Book Review: Edward Oakes’ Infinity Dwindled To Infancy

Infinity Dwindled to Infancy (Edward Oakes)My review of Edward T. Oakes’ new introduction to ChristologyInfinity Dwindled to Infancy — has just been published in the new issue of the International Journal of Systematic Theology (vol. 16 no. 2).  This is a very strong survey with few if any oversights, and I definitely commend it for those who are new to this area of Christian theology.  It’s also very well-suited for classroom use, particularly at Catholic and ecumenically-minded institutions.

Father Oakes was professor of dogmatic theology at Mundelein Seminary and University of St. Mary of the Lake.  He was a member of the Society of Jesus and perhaps best-known as a leading scholar of the theology of Hans Urs von Balthasar, and just passed away this last December.  (Read the memorial at First Things.)

From the review:

Throughout Oakes quotes copiously from secondary sources, particularly those he favors (including Hans Urs von Balthasar). This is usually welcome in the main body, or relegated to extended footnotes, but adds to the sense that the book seeks to be a classroom text – more a compendium of historical and contemporary scholarship – and not at all original. The overall accessibility and thoroughness of the book commend it well for classroom use. A pair of appendices offer short summaries of the ecumenical councils and a glossary of terms. More complex material is included in the volume, but wisely shunted into excurses (the extra Calvinisticum, for example, as well as the distinction of will and intellect in Maximus’ dyothelitism). Both undergraduate and graduate-level students will thus benefit from Oakes’ treatment. Particularly in the earlier chapters it seems as though no stone has been left unturned, no detail left out for the sake of brevity.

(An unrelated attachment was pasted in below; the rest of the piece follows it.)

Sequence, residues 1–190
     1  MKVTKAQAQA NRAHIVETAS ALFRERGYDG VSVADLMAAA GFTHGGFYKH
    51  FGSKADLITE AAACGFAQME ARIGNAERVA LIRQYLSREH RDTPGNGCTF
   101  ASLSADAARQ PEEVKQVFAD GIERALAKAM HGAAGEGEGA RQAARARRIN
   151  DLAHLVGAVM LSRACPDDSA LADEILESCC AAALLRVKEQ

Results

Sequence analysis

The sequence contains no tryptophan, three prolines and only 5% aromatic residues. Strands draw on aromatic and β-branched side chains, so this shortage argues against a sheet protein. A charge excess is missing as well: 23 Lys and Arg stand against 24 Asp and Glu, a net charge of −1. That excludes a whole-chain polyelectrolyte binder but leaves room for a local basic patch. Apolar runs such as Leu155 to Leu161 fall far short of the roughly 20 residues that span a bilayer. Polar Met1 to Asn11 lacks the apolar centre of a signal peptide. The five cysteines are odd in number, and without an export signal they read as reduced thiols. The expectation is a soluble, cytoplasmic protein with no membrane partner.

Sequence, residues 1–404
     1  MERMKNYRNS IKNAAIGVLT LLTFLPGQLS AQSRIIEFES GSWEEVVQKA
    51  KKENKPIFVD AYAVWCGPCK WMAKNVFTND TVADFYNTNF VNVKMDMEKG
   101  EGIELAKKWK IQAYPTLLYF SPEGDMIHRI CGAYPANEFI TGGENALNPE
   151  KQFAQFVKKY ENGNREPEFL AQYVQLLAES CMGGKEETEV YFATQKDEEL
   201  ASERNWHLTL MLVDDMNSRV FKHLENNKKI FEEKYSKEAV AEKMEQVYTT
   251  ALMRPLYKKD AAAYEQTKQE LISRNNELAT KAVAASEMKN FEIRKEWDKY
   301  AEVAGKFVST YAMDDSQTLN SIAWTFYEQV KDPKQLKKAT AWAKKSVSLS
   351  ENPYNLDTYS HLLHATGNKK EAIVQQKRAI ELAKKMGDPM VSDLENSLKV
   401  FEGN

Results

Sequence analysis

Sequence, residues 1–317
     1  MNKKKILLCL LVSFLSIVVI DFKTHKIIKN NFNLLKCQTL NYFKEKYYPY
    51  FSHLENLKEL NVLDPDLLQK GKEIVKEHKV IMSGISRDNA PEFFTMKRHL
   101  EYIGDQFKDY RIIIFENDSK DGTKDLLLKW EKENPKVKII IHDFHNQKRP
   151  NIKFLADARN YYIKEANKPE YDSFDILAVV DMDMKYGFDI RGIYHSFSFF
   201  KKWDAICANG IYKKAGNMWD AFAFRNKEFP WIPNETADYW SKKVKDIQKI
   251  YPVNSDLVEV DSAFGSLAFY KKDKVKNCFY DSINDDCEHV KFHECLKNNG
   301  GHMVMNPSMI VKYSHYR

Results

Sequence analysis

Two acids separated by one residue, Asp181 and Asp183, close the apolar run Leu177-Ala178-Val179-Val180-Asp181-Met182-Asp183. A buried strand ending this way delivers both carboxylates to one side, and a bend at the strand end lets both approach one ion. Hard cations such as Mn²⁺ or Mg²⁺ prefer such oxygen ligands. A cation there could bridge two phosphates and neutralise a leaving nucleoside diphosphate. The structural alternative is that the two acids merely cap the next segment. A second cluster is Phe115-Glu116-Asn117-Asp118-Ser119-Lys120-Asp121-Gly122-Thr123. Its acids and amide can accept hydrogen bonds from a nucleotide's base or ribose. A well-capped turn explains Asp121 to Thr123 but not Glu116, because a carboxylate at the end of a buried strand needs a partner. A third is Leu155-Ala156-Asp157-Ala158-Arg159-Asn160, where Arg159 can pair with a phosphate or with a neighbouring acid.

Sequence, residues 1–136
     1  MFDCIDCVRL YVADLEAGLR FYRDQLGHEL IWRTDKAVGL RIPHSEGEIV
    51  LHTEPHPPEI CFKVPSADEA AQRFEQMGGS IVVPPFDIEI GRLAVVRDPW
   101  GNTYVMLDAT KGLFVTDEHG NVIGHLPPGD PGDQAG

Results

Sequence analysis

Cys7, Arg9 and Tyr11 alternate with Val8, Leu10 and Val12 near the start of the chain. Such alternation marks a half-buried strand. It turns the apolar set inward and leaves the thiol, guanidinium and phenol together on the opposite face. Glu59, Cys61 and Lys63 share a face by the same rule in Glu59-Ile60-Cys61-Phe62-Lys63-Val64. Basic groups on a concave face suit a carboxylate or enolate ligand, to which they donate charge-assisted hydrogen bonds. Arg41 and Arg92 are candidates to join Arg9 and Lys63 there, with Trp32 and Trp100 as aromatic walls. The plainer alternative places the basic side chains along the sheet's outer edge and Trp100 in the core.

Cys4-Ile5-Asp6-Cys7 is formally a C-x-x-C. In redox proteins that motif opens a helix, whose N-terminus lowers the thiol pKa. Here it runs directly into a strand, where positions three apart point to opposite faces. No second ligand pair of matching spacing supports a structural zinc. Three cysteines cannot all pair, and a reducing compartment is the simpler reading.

Look for the full piece in the April issue of IJST.

Book Review: Reconciled Humanity – Karl Barth in Dialogue

The Center for Barth Studies at Princeton Seminary has just published my lengthy review of Hans Vium Mikkelsen’s book Reconciled Humanity: Karl Barth in Dialogue (Eerdmans, 2010).  Rather than limiting myself to a standard, 1,000-word book review, I opted to take advantage of the lack of space restrictions afforded by the venue and write a fuller-length engagement with the book.  This is because I find Mikkelsen’s thesis so important: Does the incarnation of the Word touch the inner being of God?  Barth says yes, and Mikkelsen worries 1) that he does not carry this through with full consistency, and 2) that it has negative consequences for other doctrinal loci.  It is important to get Barth right here, particularly because Mikkelsen is rightly attending to the actualist character of Barth’s theology (insofar as he understands it).

Here is an excerpt from the critical section of the review:

The author’s central claim is that Barth thus failed to integrate the incarnation and the being of God because he upheld the doctrine of immutability (cf. 211n15). In Mikkelsen’s judgment, Barth’s actualist understanding of God therefore seems “not to make any major difference at all, as the intention of the incarnation can be traced back to God’s original essence (whether it be in the form of an original being or an original will). Nothing new then has really happened to God in the incarnation” (260). Mikkelsen finally wants to argue against such a hidden God that God’s inner being is “dynamic,” i.e. capable of change, and therefore capable of absorbing Jesus’ experience of death on the cross (157n23). When the Son suffers, “God really suffers in his own inner being; there is no God beyond the God who suffers” (257). This he takes to be contradictory to Barth’s own Christology, despite Barth’s best intentions to allow the life of Jesus to be determinative for God.